Authors Tanel Kerikmae and Katrin Nyman-Metcalf
Abstract

    The article uses the 2009 decision of the German Constitutional Court on the Lisbon Treaty as a basis for an analysis of the relationship between EU law and Member State law, especially Member State constitutions. The authors argue that an uncritical openness of Member States to supremacy of EU law and the interpretations made of it by the European Court of Justice is not necessary but rather an analytical attitude towards the development of EU with active legal argumentation to protect the rule of law – a deliberative supranationalism. A constitutional dialogue between Member States and the EU is the best protection and promoter of rule of law. The constitutional discussions in Estonia are used as an illustration of the balancing of national constitutional principles and supremacy or EU law.


Tanel Kerikmae

Katrin Nyman-Metcalf
Article

What Critiques Have Been Made of the Socratic Method in Legal Education?

The Socratic Method in Legal Education: Uses, Abuses and Beyond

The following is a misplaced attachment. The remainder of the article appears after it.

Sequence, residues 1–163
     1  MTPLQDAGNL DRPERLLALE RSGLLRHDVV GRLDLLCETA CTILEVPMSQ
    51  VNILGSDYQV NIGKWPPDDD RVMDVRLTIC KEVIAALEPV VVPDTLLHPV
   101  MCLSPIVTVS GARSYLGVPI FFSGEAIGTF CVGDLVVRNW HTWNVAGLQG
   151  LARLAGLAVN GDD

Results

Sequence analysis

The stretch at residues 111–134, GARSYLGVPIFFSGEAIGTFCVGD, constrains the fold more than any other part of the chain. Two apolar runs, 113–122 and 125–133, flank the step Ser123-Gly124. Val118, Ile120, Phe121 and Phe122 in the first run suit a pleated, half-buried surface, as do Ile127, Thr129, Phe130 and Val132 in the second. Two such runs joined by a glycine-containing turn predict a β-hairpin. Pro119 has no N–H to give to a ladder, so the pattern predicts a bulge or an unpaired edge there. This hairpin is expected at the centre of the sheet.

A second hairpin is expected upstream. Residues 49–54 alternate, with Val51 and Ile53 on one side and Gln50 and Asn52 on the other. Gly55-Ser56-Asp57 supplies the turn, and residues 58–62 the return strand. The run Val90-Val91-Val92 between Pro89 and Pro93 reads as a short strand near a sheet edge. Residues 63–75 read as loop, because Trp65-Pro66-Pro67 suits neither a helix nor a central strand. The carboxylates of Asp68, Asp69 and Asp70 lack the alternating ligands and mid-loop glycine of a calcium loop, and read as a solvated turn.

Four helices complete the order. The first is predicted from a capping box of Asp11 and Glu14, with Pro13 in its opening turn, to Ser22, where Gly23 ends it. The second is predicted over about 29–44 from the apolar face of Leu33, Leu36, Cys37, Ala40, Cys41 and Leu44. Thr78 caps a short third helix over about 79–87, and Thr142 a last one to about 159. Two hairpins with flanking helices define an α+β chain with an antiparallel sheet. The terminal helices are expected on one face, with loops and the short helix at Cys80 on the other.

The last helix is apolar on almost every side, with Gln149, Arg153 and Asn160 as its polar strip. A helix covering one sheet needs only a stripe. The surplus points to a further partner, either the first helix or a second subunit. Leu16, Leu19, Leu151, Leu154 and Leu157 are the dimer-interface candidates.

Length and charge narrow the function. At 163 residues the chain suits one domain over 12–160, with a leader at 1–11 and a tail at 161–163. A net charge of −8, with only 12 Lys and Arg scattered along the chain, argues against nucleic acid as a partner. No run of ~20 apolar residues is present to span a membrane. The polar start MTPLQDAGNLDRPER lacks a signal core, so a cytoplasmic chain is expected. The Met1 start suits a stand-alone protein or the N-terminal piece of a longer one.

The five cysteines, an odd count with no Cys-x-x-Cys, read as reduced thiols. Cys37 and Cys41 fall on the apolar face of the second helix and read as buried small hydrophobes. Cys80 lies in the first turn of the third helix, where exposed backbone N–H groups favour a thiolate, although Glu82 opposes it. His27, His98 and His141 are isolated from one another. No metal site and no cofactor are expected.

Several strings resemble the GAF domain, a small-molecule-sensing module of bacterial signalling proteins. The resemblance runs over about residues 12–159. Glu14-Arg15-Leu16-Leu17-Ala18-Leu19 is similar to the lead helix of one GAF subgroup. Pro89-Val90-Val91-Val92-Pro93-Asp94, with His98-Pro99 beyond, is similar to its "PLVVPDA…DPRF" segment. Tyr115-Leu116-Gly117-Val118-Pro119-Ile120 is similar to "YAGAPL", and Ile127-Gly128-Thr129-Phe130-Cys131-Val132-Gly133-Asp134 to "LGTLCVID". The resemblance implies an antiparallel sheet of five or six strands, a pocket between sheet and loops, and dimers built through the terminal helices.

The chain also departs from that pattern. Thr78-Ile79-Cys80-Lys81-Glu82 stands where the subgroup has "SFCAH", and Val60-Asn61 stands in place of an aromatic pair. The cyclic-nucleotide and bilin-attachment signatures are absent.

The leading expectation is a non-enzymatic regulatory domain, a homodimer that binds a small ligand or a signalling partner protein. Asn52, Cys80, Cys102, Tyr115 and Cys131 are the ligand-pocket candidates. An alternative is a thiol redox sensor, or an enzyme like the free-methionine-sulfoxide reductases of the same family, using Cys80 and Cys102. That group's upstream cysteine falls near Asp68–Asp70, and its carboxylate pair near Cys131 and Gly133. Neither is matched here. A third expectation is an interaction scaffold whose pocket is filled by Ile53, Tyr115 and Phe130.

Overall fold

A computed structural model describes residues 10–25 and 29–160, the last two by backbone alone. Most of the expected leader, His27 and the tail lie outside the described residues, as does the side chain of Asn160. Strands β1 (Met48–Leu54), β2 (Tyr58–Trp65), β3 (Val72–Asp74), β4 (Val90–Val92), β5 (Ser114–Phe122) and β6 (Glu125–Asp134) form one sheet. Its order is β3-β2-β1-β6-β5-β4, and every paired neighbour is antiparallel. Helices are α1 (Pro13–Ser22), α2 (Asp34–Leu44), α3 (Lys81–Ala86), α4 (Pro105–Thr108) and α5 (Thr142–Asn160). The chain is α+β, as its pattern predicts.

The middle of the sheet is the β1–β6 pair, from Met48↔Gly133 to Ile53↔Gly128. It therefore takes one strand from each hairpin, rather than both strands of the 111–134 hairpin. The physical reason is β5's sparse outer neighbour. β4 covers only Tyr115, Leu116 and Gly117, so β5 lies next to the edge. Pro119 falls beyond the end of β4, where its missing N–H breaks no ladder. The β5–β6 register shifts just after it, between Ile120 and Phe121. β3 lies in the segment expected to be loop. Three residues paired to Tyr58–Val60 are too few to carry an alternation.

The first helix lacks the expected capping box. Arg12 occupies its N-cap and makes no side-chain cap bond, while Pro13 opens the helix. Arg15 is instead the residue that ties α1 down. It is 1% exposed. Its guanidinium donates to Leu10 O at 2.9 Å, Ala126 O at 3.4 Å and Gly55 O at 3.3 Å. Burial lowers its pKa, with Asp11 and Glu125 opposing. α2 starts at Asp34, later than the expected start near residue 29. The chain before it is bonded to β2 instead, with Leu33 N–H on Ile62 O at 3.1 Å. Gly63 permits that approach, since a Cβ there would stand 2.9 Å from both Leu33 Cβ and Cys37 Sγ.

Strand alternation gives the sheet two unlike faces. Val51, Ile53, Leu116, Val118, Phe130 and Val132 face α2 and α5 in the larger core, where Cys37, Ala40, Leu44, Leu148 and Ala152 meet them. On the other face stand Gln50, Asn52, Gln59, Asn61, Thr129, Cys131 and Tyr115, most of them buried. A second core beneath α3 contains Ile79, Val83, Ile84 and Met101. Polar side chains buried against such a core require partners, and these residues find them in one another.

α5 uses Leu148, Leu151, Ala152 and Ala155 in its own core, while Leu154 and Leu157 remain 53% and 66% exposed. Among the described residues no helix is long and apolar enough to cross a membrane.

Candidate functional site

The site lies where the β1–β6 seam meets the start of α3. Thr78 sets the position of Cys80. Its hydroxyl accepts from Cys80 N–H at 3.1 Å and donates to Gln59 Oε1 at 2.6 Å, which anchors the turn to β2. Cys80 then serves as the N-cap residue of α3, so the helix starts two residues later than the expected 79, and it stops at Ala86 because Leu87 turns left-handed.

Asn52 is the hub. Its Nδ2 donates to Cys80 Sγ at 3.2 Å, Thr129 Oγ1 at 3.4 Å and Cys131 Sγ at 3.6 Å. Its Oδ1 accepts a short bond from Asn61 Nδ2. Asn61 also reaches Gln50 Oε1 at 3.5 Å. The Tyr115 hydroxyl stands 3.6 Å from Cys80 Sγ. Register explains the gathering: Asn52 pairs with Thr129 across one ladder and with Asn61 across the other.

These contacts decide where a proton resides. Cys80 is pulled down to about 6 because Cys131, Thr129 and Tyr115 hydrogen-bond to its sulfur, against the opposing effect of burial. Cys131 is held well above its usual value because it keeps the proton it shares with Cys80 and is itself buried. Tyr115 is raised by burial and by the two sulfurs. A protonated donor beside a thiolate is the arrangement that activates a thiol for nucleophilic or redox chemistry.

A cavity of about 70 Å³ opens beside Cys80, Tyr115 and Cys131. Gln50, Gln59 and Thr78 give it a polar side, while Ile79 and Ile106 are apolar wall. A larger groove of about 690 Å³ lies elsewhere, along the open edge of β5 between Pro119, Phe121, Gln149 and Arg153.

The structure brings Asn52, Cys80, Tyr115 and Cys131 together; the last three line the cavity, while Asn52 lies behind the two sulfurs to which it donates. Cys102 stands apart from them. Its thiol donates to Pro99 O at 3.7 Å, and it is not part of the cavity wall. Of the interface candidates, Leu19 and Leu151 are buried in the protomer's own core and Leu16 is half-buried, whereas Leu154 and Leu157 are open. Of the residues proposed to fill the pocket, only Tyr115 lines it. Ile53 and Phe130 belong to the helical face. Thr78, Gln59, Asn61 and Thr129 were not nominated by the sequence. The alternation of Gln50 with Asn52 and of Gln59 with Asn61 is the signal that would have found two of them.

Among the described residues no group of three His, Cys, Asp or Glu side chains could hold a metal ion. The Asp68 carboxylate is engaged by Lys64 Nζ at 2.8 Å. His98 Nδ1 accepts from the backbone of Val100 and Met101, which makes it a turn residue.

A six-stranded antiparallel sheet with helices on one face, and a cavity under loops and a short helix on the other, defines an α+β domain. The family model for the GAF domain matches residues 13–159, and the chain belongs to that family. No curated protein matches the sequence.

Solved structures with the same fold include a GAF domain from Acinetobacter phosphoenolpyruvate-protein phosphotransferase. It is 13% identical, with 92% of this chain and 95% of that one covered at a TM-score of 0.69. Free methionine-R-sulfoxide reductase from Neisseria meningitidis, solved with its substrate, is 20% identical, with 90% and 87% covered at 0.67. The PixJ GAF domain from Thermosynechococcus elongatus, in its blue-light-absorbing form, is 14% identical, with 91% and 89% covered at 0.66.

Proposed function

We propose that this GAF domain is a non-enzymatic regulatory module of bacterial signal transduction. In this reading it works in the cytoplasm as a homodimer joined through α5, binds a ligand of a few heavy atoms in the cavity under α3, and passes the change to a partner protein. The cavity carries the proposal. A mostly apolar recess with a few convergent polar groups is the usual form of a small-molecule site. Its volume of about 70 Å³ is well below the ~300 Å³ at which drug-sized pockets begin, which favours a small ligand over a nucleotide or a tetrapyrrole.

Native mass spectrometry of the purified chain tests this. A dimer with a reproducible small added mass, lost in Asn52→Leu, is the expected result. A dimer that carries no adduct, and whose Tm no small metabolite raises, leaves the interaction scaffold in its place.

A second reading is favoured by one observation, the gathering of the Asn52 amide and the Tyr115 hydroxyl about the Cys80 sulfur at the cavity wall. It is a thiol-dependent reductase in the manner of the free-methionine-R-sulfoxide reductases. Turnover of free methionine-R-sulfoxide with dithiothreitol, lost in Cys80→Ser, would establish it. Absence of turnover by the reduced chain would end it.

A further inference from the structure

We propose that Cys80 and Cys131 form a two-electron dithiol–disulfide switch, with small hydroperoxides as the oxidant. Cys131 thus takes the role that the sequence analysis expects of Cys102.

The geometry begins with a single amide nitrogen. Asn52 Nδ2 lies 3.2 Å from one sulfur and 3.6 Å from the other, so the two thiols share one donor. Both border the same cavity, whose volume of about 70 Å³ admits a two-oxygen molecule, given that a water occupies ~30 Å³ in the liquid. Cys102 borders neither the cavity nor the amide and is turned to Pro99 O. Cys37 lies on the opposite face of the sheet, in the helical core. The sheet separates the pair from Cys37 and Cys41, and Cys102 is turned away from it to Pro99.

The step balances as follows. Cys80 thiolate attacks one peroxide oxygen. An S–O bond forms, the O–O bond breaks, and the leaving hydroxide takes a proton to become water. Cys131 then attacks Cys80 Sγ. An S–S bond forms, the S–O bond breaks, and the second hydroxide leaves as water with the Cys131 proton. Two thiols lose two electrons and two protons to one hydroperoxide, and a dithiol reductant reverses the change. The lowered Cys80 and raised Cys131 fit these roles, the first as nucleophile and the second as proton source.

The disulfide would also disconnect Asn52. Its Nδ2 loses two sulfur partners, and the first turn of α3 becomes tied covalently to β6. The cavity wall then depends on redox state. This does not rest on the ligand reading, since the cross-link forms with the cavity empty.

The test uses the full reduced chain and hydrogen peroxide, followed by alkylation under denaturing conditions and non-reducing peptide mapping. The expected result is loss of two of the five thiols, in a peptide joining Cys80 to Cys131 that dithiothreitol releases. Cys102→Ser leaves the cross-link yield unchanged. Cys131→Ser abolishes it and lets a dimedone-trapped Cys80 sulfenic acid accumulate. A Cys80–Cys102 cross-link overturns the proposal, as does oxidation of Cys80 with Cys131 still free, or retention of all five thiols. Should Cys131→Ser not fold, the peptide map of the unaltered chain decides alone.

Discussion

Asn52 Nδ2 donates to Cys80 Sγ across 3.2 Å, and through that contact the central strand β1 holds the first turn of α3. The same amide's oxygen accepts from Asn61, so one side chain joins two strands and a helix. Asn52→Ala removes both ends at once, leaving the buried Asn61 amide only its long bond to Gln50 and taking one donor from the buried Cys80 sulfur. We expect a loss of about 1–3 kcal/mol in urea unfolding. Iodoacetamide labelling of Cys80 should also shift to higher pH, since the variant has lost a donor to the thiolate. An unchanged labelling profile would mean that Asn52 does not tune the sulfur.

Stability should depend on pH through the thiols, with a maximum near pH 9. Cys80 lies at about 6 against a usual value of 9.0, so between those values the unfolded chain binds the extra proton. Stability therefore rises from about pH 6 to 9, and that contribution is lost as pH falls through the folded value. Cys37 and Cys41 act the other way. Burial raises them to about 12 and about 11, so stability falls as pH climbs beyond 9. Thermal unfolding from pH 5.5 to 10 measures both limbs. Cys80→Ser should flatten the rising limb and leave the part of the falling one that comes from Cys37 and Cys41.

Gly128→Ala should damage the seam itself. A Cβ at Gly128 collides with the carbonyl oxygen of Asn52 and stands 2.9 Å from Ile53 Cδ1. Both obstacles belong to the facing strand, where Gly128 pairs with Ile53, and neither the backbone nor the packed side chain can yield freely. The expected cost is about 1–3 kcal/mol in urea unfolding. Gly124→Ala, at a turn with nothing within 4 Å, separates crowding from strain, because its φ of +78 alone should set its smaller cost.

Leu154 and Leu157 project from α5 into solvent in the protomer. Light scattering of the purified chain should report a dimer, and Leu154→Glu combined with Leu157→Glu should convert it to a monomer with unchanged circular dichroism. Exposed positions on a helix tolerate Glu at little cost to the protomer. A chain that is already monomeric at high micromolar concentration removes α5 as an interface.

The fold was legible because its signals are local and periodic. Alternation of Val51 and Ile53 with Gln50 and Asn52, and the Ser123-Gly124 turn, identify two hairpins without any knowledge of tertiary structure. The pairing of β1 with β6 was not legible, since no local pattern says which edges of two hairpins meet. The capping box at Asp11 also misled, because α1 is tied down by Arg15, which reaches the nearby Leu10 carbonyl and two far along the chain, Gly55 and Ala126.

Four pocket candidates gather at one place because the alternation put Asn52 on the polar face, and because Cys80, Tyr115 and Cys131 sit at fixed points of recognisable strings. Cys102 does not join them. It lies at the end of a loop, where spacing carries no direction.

Journal European Journal of Law Reform, Issue 3-4 2010
Keywords Socratic method, legal education, learning theory, critical thinking, feminist pedagogy
Authors Christie A. Linskens Christie
AbstractAuthor's information

    Legal education is known for its use of the Socratic method. It appears, however, that the Socratic method may not be just for law students any more: American educators are now considering the method in the teaching of non-law school students. One perceived benefit of teaching by the Socratic method is that a student will learn by critical thinking rather than rote memorization. A major criticism of the method, however, is that a student may suffer low self-esteem from the perception that the method engages in ‘bullying’. The articles discussed in this literature review address the method in learning theory, the method in law school, criticisms of the method and proposals to use the method for non-law students. This article will analyze the Socratic method, the pros and cons of the method and its application outside of the law school.


Christie A. Linskens Christie
Christie A. Linskens Christie is a PhD Student, Urban Education at the University of Wisconsin-Milwaukee, Adjunct Professor at Marquette University Law School and Staff Attorney, Legal Aid Society of Milwaukee, Inc.
Article

Constitutional Review in the Caribbean

Journal European Journal of Law Reform, Issue 1-2 2010
Keywords Guyana, electoral reform, constitutional reform, international human rights law, Caribbean
Authors Avril Anande Trotman-Joseph
AbstractAuthor's information